Anyone who has seen Hampi can tell you that walking is the only way to enjoy its richness. On my way to Hampi, after my only visit as a young girl fifteen years before, I was determined to walk around all day to make the most of the next two days. Anyone who has seen Hampi will also tell you that two days are nowhere enough. So, I was keen to cram in the sights as much as possible. Not only was the plan ambitious, but it was also somewhat futile. The heat of early March is a good preview of the unforgiving summer that is just around the corner. By midmornings, the skies can turn blinding white and the boulders punishing to look at. (At this point, a wise guide will advise you that this is the time to stay within the rock structures where the temperature drops a few notches — the temples, the mandapas — and enjoy the carved stories on pillars and walls). So, enjoying the scenic landscape of Hampi meant planning an early start around dawn and wrapping up a good while after sunset.
The rolling hills glowed with a reddish hue around sunrise. I had planned to walk along the river to view the sun rising behind the boulders lined by coconut fronds. My path first took me along a dry-as-a-bone bottomless ravine before I caught up with lush fields along the plains. A flock of Woolly-necked storks sailed gracefully across the sky, seemingly surveying the length of the rift. From several feet below in the rocky ravine came a familiar cheek-eek-eek-eek, as a blue streak flew across the walls. A white-throated kingfisher landed on a bare branch of a tree leaning out horizontally across the gorge. As my eyes followed the little bird across its flight, I became aware of being watched.
Unnerved, I changed focus from the little blue bird to the big fiery eyes fixed in a rock staring at me with what I could only imagine as disapproval. I realised the ‘rock’ had a feathery outline of an eagle owl. Two long tufts of ‘ears’ hung proudly above the face that continued to scrutinise me. I thanked the kingfisher in my mind and pulled the camera out ever so slowly, hoping the bird would stand its ground. It did. The fixed stare had started to make me nervous. The owl was perched on a tiny ledge barely wide enough for it to be tucked in for a good day’s sleep. The shelf was on the opposite wall, at least fifty feet away. I certainly hadn’t barged into its bedroom or rudely interrupted its nap. Or had I? The owl was too alert for that, sharply turning at a sudden sound but bringing its gaze quickly back.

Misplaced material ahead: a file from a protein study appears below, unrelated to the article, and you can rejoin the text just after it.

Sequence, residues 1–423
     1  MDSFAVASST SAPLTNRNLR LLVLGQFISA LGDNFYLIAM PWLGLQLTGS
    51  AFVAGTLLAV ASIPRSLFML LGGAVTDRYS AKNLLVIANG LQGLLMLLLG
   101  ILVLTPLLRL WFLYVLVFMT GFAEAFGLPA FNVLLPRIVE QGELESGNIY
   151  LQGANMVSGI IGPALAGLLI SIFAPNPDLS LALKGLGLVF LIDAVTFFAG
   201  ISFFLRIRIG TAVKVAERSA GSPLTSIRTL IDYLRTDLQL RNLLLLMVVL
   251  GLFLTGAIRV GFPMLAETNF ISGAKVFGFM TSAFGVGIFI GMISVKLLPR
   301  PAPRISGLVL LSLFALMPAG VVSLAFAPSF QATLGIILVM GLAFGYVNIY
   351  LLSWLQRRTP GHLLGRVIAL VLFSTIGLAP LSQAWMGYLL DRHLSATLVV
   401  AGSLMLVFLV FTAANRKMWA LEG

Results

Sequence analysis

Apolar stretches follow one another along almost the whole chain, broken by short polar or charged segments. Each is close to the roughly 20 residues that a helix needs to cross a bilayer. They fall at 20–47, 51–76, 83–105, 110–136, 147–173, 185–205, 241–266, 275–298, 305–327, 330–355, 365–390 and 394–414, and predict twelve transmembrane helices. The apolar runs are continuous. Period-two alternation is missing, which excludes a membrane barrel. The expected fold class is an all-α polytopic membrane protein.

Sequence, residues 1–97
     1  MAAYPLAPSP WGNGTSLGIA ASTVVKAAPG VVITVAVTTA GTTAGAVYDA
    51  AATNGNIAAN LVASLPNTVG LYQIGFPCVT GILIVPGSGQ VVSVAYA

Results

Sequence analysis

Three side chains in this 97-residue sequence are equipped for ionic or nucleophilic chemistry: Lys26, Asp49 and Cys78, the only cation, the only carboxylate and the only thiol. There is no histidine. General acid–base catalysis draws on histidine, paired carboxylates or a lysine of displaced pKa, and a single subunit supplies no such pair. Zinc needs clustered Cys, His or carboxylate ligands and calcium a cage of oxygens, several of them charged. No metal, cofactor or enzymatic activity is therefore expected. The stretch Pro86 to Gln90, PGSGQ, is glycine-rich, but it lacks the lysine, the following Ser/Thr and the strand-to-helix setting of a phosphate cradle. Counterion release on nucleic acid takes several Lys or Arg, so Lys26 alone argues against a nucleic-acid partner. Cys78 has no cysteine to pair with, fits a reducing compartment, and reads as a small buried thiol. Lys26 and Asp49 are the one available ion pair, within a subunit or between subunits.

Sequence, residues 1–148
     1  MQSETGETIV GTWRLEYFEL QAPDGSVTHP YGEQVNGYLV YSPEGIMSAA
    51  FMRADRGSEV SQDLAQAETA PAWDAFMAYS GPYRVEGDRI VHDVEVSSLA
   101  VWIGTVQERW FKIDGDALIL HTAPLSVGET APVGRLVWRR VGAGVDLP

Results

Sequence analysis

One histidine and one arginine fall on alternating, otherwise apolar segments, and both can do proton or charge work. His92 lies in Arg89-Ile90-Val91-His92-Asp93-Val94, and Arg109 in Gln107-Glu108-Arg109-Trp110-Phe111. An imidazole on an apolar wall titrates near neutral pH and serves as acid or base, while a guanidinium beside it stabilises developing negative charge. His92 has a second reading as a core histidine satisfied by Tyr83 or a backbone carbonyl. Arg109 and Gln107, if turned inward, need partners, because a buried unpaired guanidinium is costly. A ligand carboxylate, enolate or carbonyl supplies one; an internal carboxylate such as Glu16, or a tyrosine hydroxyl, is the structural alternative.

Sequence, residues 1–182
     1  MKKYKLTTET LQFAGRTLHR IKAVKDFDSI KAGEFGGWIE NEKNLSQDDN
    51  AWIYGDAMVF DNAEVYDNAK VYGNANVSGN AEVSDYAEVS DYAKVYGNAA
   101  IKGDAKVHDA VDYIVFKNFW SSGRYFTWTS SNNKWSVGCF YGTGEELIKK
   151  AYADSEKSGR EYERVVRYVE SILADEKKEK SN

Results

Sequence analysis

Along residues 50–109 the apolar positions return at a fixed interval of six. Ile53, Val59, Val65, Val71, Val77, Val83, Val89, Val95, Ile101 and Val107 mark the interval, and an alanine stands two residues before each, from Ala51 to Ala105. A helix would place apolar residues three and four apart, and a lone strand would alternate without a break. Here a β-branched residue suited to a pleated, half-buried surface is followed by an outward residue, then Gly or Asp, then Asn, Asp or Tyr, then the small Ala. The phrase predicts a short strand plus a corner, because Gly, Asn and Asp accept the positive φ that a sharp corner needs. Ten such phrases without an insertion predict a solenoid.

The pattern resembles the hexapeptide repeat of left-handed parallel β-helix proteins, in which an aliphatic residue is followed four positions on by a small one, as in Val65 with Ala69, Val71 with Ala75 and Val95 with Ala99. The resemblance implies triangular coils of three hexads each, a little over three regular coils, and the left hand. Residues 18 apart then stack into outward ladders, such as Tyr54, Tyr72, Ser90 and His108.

After a couple of shots, I decided to step back. The sun was up, and I only had a few minutes to catch it behind the hills. As I turned back to my gravelly path, I noticed another tree growing sideways from the gorge wall, a few metres ahead of the owl. This one had fresh, green leaves — the only tree in the vicinity to have any. They fell like a curtain covering the wall behind where I… noticed the now-familiar ember eyes — two pairs of them, sleepily half-closed in a tufted mass of woolly feathers. The faces were devoid of the long ‘ears’ or the sternness of the parent who was still watching me. My mouth formed an O as I looked back at the guardian. The wide eyes hadn’t left me. The sun, however, had given me the slip and had made a quick ascent while I had lingered around the ravine.
The sunset, on the other hand, was a colour fest. As the sun dipped down as a fiery red boulder and merged into the earth, his glow reminded me of the owl’s eyes from the morning. Driving back, tired beyond words, I wondered if I could catch another sight of the owl family. A short stop and a sweeping look at the old spot revealed nothing. It was time to move.
A deep U-hu sounded from nowhere. The unmistakable booming call that gives the eagle owl its onomatopoeic Latin name Bubo, at once seemed to come from behind us and ahead of us, near at hand and far away. It is little surprise that the call could be a come-hither signal to the partner or a warning to stay away, depending on the season. I was sure this one meant ‘goodbye’.